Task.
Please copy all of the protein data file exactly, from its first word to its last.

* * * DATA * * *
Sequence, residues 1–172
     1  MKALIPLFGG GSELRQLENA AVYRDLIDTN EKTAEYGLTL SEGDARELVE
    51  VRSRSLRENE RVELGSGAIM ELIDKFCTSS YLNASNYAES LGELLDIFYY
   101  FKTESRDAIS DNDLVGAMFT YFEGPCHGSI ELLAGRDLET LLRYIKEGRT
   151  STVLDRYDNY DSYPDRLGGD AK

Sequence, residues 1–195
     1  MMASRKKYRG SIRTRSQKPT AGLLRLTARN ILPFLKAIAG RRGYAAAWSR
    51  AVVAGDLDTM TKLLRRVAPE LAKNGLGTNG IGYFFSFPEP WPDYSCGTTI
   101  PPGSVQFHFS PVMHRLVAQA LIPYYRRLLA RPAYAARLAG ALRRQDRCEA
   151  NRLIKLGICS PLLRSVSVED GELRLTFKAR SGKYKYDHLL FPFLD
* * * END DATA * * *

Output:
Sequence, residues 1–172
     1  MKALIPLFGG GSELRQLENA AVYRDLIDTN EKTAEYGLTL SEGDARELVE
    51  VRSRSLRENE RVELGSGAIM ELIDKFCTSS YLNASNYAES LGELLDIFYY
   101  FKTESRDAIS DNDLVGAMFT YFEGPCHGSI ELLAGRDLET LLRYIKEGRT
   151  STVLDRYDNY DSYPDRLGGD AK

Sequence, residues 1–195
     1  MMASRKKYRG SIRTRSQKPT AGLLRLTARN ILPFLKAIAG RRGYAAAWSR
    51  AVVAGDLDTM TKLLRRVAPE LAKNGLGTNG IGYFFSFPEP WPDYSCGTTI
   101  PPGSVQFHFS PVMHRLVAQA LIPYYRRLLA RPAYAARLAG ALRRQDRCEA
   151  NRLIKLGICS PLLRSVSVED GELRLTFKAR SGKYKYDHLL FPFLD